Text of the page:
SoFresh combats food waste

By Anna Lardinois, Startup Storyteller

If you’ve ever used a slider to reseal a plastic food storage bag, you can thank Toby Thomas.

Thomas worked on the team that developed this innovation in food storage. The mechanical engineer with 33 years of experience in the packaging industry and 46 food packaging patents pending, has spent his career creating new ways to keep food fresh and safe.

At a time when many of his contemporaries are ending their careers, Thomas produced the most impactful food packaging innovation of his career. It is an idea so big that he, and co-developer Bill Belias, decided to launch their own company and take the product to the market themselves.

Belias and Thomas set out to create safe, natural packaging that prevents mold from forming on food. The pair had been working on the idea since 2004. They had many false starts, including one version of the product that left the food free of mold, but infused with the mustardy heat of wasabi. Yet, each version of the product got them closer to their goal of making packaging that kept food fresh for a longer period of time.

After years of trial and error, the pair developed packaging so effective that it extended the life of preservative-free bread from four to six days to 16-21 days before mold formed on the loaf. The active ingredient is an FDA approved food ingredient. Thomas states the U.S. made packaging’s mold inhibitor is found in nature and does not impact the taste, texture, or appearance of the food.

The collaborators succeeded in developing a product that worked to decrease food waste while reducing distribution costs, all while delighting the end consumer. They were ready to put their groundbreaking packaging to the market.

SoFresh launched in 2018 and was ready to hit the marketplace in March 2020. The pandemic changed those plans. As a brand-new company without cashflow, the timing could not have been worse. Yet, SoFresh persevered. “We used that time well,” Thomas said. “We improved our product while we were in the penalty box, so to speak.”

The time on the sidelines gave the company an unexpected pivot. “Our whole supply chain just crashed overnight”, Thomas said. “Instead of using contract manufacturers, we had to buy used equipment, install it, and then start our process development internally, as opposed to doing it at contract manufacturer.”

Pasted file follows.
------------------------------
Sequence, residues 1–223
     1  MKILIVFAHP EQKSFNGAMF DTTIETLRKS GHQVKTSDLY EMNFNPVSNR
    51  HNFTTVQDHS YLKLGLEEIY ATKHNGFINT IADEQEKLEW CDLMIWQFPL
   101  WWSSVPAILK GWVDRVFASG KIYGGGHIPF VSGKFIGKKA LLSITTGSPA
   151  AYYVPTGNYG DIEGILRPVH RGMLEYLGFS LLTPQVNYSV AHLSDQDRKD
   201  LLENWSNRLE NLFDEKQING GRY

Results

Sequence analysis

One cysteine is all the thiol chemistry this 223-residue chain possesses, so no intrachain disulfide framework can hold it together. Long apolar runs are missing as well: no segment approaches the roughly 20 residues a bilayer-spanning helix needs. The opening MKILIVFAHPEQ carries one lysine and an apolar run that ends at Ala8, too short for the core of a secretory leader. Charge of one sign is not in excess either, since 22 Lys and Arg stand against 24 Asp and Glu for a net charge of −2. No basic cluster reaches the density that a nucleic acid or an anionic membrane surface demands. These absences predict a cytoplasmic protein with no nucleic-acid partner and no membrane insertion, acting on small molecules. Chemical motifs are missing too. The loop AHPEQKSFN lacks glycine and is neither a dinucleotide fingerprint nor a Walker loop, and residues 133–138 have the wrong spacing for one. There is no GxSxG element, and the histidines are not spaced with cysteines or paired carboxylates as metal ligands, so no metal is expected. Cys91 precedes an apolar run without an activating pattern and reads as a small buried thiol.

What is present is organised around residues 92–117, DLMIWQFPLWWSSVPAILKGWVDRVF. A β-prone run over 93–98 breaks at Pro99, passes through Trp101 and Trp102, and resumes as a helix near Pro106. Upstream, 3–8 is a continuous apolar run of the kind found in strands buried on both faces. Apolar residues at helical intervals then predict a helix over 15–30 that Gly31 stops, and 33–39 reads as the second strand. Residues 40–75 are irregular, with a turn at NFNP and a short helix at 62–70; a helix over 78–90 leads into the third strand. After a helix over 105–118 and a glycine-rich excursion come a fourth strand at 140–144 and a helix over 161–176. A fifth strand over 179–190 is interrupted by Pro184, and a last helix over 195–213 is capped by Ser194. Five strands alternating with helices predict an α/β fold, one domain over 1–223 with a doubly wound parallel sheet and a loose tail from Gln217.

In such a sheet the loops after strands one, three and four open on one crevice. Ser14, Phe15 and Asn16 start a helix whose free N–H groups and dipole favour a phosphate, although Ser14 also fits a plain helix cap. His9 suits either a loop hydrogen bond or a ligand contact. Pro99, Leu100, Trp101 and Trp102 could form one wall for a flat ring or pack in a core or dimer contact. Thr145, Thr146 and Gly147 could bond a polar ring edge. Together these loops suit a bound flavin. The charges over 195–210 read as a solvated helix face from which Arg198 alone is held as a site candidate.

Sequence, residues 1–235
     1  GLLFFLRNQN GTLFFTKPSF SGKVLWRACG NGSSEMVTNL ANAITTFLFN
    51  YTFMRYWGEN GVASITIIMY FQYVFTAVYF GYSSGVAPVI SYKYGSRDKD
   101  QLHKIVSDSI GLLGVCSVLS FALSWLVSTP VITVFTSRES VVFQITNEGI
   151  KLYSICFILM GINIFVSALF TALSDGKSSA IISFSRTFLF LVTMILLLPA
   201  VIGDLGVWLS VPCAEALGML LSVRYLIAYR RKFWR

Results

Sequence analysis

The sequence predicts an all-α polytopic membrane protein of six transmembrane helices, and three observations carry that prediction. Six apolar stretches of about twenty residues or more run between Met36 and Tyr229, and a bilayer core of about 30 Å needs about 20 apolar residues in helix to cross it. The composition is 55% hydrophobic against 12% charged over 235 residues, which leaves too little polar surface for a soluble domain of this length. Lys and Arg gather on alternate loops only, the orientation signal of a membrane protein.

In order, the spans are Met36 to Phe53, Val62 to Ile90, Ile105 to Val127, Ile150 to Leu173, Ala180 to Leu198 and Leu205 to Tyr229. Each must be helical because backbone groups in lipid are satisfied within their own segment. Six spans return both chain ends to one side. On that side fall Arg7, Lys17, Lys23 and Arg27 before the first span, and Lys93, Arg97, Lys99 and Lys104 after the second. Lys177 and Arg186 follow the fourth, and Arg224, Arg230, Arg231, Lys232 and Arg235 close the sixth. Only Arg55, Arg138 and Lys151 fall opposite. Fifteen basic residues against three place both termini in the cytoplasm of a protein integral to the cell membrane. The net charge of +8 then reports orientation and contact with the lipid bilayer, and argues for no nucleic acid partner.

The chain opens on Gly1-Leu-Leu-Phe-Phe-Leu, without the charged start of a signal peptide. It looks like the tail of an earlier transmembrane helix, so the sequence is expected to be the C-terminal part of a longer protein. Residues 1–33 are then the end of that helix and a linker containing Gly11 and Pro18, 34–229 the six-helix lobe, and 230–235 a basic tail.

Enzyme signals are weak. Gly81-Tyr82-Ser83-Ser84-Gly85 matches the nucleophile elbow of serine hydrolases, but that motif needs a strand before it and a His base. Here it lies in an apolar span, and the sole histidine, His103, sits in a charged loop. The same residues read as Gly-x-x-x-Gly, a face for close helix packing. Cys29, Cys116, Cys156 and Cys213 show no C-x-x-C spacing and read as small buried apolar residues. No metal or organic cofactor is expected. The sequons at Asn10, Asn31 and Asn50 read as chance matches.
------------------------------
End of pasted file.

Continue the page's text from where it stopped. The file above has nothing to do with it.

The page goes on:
“In the downtime we spent $50,000 on a used piece of equipment. We brought it in and modified it according to our patented technology and we started producing prototype samples on this line. We kept improving the product, finding out the issues, resolving the issues until we were able to launch.”

The company began producing product for customers in October 2021. The bakery industry was the first to use the pioneering packaging. Today, customers in Minnesota, Florida, and Pennsylvania can purchase bread wrapped in SoFresh packaging, and their list of clients is expanding rapidly. The company focusing its reach into the cheese and berries markets since these foods experience the greatest incidents of loss due to waste.

SoFresh has been successful in raising capital. The company raised a pre-seed round of $1.3 million in 2018 with the help of San Francisco-based investors, and a win in a Bright Star Wisconsin pitch contest. In 2020, the company won $500,000 in a New York based competition that required them to open an office in the state. “It is perfect because you don’t want to ship product halfway across the United States,” Thomas said. “At the New York location, you do the Eastern Seaboard. We can do the Midwest (from Kenosha) and then we’ll probably end up having something out West at some point in time.”

Right now, the company is preparing to begin a Series A funding round to support their scaling efforts. “We need bigger operations. We need more people. We need back of house order entry and more on the operation side of things, “Thomas said. “Then we’re going to beef up our sales team.”

Despite the ambitious growth plans, SoFresh plans to keep its headquarters located in Wisconsin.


“Startups are for kids, I gotta tell you,” Thomas said with a laugh. “But the older you are, the more wisdom you have, the more experience you have. You probably make better decisions. And when you’re young, you have energy, and you bounce. And I don’t bounce as much as I used to, but I’m having a fantastic time. It’s great!”

To learn more about SoFresh packaging and watch their time-lapse videos of their food preservation efforts, click here.

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